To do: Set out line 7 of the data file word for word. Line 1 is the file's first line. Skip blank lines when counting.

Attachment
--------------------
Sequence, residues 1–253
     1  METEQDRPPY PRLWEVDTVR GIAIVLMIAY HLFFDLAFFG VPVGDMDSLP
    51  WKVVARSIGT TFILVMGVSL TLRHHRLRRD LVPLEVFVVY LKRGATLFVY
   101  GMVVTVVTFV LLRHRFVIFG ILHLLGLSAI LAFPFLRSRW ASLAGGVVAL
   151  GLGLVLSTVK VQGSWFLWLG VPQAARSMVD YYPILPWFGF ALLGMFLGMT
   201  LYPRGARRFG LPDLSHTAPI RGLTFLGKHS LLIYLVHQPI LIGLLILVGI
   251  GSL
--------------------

   251  GSL